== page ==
Now for some businesses a half-day is appropriate for others I go there, and we do a two-day retreat, so we can get a lot further into the detail around some of these elements. The length of time does depend a little bit on your business and how much you want to invest in growth of your business. Once you’ve got the team there, I do a welcome process that involves not just checking in on how everyone’s feeling, that’s critical, because if you’ve got someone who got stuck in traffic was running late hasn’t had the coffee that they need, you’d rather that they shared that at the beginning of the day then act it out because of it through all these other conversations. So do a check-in about how people are feeling and then give them the chance to add whatever they want through the agenda for the day.
Now you’ve got this set agenda which you’ve shared with the team beforehand, but if there are going on for them you want to get those out so they’re not sitting in their head bogging they’re not spending the whole day waiting to have a chance to talk about the new photocopier, or something that’s frustrating them about the lack of cleanliness in the kitchen. Get those things out. Maybe you won’t be able to cover them all during the day, but if you follow this process, you’ll find a lot of the times that you do. Then we get in to the three core conversations: vision, strategy, resources. If you’re a big black board Friday’s fan, you remember one of the first videos that we shot was around the five why’s.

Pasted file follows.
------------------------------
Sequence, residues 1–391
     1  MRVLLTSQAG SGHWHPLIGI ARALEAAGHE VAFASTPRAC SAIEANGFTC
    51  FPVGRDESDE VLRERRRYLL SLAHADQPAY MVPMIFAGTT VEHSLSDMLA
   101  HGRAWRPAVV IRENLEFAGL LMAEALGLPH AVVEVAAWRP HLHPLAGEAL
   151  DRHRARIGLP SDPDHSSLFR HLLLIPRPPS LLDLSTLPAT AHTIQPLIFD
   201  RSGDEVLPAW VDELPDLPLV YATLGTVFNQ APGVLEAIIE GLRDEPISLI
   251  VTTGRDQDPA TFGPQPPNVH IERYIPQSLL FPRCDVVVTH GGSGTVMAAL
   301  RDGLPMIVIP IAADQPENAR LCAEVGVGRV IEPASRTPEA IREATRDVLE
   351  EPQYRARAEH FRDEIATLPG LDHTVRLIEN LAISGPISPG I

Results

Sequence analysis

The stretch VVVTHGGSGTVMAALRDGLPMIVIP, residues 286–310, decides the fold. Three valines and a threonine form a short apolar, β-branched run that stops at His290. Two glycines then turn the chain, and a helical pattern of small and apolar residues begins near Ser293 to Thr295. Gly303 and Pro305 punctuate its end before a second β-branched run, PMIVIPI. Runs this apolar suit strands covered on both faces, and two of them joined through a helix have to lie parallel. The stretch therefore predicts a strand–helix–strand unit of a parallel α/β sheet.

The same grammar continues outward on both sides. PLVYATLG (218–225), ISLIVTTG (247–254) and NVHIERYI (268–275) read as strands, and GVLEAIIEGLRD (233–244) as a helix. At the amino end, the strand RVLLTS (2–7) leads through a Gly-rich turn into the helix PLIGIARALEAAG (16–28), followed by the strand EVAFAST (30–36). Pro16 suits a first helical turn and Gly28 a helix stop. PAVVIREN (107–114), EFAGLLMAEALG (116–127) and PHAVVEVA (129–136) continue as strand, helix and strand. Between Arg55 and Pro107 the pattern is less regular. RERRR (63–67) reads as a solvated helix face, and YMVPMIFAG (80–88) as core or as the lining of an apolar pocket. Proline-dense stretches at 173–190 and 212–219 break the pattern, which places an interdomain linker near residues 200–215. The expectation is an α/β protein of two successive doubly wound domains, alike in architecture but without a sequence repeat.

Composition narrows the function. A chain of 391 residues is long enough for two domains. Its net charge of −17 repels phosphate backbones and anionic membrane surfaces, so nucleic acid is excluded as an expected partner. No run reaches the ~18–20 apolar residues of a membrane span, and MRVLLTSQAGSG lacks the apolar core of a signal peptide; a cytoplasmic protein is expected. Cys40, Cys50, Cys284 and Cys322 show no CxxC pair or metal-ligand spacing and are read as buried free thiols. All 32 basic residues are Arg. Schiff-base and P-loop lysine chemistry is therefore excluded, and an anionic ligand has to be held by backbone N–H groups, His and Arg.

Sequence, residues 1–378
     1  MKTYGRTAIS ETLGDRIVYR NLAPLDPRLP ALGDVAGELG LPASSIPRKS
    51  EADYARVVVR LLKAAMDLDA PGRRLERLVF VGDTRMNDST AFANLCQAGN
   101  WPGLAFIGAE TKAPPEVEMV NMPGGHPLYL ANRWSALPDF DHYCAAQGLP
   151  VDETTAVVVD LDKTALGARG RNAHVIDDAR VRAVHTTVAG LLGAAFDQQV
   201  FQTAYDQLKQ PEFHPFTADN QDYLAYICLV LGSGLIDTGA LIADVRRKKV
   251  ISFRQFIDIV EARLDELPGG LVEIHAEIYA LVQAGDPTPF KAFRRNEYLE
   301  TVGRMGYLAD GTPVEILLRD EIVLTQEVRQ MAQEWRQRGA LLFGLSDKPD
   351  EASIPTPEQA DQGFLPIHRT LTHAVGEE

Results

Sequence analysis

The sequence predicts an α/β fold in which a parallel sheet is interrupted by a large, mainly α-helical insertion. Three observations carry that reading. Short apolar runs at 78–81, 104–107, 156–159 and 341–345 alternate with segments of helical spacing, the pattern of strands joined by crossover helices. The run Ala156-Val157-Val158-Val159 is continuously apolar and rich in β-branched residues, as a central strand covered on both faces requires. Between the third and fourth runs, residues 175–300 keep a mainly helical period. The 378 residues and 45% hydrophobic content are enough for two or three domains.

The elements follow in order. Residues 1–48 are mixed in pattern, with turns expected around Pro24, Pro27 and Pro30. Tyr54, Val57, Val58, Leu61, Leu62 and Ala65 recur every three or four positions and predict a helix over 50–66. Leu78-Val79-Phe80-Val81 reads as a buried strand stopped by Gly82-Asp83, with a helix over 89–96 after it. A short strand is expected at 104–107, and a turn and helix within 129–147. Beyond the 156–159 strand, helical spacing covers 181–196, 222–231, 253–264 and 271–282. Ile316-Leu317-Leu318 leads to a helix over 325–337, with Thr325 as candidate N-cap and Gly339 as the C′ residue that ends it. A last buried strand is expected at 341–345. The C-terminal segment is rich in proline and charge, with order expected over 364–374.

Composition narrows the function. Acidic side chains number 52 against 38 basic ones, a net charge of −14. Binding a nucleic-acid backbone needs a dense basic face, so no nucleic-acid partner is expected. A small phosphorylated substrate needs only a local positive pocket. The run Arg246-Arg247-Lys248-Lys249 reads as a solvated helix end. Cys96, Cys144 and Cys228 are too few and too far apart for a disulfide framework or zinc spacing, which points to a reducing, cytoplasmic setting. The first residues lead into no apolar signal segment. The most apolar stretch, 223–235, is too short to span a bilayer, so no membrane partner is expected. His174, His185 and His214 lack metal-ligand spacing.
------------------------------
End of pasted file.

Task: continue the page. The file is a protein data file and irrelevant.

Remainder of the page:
The different layers of context that give meaning to the decisions you make day-to-day. These are the highest three levels of context within a business. The vision which guides the strategy which then guides the resources. If you haven’t set out and documented the vision, the strategy, the resource plan, this is your chance to do it as a bit of a first draft. Maybe you’ll come back to it in a month, or six months or, next year and refine it but now’s the chance to have the conversation and get that step. If you have had that set, but now’s the time to get into the review process.